Book Reviews

Personal challenge for 2019? Review every book I read! (All reviews available on Cannonball Read, benefiting the American Cancer Society.)

BOOK REVIEW: Let Your Life Be a Counter Friction to Stop the Machine

Welcome to the Anthropocene era, the fossil fuel-powered nightmare of our own making. Our hot and crowded planet has hit Defcon 3. Right now, a record number of fires is burning down the Brazilian rainforest, threatening three million endemic plant and animal species. Mass bleaching in the heat-stressed Great Barrier Reef has reduced baby coral by 89% since 2016. Okjökull is the first (but not the last) glacier to disappear from Iceland. Last month Paris hit 109º, the hottest temperature ever recorded in the city, which is at the same latitude as Seattle.

BOOK REVIEW: I Have Always Imagined that Paradise Will Be a Kind of Library

Have you ever felt that a book was written just for you? Mr. Penumbra’s 24-Hour Bookstore is my Platonic ideal: a novel by an Elder Millennial, set in an alternate San Francisco Bay Area populated by talented, curious people, weird-but-plausible technologies, and endless shelves of books. By the time I discovered the in-story trilogy of fantasy novels and the credible centuries-old secret society, I committed to becoming a Sloan completist.

BOOK REVIEW: 10 Reasons to Get Out of Bed in the Morning

Within two minutes of waking up, I remember things I’d rather not: raging wildfires, hurricanes, desperate refugees, white nationalists, dead gray whales washing up onshore. Keep Going is a gift, an emotional stain remover, the pep talk I didn’t know I needed in order to tamp down my despair and resume making art. Kleon knows the struggle is real. (Good luck staying loose and open when the outside world is invading every level of your consciousness!)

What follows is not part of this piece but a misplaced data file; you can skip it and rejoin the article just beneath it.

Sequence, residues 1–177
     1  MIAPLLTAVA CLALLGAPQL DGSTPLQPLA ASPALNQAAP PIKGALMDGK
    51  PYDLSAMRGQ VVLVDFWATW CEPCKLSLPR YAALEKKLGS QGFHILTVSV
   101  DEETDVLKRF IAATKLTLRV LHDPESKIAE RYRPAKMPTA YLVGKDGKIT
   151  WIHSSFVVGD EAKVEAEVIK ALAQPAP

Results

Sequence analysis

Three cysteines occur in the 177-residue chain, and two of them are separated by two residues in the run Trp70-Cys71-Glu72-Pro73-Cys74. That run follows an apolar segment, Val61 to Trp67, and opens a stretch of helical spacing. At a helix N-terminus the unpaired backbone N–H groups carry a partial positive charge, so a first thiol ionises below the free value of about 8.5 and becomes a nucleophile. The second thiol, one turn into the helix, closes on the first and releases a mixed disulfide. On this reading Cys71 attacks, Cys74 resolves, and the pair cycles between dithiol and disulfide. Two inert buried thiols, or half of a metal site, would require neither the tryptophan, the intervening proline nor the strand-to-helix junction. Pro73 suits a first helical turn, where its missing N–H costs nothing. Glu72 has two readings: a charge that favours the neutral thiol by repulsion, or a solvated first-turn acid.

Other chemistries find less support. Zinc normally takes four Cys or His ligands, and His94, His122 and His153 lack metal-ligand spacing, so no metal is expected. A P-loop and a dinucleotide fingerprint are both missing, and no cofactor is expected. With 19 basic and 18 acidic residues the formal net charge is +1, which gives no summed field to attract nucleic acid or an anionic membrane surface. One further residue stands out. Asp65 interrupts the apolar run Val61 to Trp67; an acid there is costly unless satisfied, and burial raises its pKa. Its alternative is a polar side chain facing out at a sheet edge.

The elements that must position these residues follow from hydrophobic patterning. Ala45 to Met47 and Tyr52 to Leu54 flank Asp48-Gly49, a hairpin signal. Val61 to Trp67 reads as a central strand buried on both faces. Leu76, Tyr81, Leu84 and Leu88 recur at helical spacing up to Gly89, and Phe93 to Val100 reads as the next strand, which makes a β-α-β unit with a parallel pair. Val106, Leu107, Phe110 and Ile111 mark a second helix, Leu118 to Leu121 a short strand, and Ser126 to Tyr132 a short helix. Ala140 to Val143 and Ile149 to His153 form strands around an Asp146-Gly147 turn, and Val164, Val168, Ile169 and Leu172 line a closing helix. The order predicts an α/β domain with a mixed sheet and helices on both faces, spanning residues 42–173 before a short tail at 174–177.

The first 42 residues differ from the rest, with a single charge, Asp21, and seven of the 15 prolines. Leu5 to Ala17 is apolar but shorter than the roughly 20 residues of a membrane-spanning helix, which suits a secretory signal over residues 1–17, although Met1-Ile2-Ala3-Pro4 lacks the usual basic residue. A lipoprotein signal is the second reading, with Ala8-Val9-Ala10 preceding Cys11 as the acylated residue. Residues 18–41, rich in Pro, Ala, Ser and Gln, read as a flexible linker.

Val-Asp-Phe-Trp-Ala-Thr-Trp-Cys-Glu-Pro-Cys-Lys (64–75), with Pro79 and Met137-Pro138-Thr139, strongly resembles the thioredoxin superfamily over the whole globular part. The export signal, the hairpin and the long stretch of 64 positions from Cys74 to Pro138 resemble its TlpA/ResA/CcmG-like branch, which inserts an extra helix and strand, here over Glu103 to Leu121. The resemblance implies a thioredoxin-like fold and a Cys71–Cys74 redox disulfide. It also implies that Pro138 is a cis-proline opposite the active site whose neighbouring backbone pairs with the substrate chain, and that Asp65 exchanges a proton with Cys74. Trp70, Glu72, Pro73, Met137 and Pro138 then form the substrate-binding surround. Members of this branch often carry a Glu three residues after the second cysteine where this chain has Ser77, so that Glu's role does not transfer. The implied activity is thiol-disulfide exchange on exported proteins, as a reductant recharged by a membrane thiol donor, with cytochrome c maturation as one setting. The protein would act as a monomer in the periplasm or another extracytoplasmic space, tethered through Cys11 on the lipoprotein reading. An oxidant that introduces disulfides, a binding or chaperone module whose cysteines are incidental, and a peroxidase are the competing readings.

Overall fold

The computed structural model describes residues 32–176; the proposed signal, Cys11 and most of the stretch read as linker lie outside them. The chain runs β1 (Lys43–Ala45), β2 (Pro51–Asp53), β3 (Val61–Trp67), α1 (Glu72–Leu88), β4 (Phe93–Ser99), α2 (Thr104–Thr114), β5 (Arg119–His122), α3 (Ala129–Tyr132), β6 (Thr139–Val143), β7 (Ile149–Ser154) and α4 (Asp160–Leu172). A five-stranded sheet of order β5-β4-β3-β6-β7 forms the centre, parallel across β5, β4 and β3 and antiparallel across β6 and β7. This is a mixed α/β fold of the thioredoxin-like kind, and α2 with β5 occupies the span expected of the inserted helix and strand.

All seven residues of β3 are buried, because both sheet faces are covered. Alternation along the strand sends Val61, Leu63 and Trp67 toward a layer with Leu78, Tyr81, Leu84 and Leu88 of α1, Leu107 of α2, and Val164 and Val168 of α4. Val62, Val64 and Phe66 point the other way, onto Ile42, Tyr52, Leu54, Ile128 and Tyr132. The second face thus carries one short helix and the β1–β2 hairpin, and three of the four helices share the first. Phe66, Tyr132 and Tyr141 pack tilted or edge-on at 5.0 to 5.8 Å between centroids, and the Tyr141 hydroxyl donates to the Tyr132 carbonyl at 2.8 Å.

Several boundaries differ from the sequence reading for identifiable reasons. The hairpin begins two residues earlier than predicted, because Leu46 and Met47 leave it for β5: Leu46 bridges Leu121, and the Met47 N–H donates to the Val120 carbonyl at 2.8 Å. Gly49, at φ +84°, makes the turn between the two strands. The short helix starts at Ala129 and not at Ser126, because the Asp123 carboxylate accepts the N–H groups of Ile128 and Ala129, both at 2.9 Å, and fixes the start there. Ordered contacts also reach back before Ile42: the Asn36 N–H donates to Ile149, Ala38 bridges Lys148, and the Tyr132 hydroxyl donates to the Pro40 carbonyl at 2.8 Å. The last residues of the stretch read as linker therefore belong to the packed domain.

BOOK REVIEW; Like a Sports Movie, In Reverse

Football is the quintessential American sport. Two disciplined armies meet out on an open field. Highly trained men in uniform wallop the enemy, denying them ground. Our super soldiers bash their brains in—and sometimes break their necks—for our entertainment. And we cheer. Because who doesn’t love a proxy war? It’s tribal. Downright primal. Are you entertained?! *checks notes* Pardon. Apparently, baseball is America’s game.

BOOK REVIEW: A Child's Introduction to Pure Evil

I live two blocks away from a stellar children’s book store. It’s a habit of mine to visit several times a month. I enjoy keeping tabs on what the kids are reading these days (graphic novels) and which titles have staying power. The pale blue cover of Number the Stars is always on display in the middle reader section. The fact that Lois Lowry, an author born in 1937, still has books occupying prime shelf space is an amazing feat—but not surprising to me, given I think about The Giver on a monthly basis.

BOOK REVIEW: The Elements of Style: The Sequel

A professor once threatened to boot me from his course for my crimes against the English language. My breezy essays were careless, inexact, perhaps even terrible. In his mercy Dr. Wright —a white-haired taskmaster in tweed jackets who frequently referenced “the war” (World War II)—gave me some advice: “Read Strunk and White every morning while eating your Wheaties.” If William Strunk and E.B. White’s The Elements of Style is the life vest keeping your head above water, William Zissner’s On Writing Well is the Coast Guard.

BOOK REVIEW: Life is Hard: A Sermon (with a soupçon of Fix-My-Husband)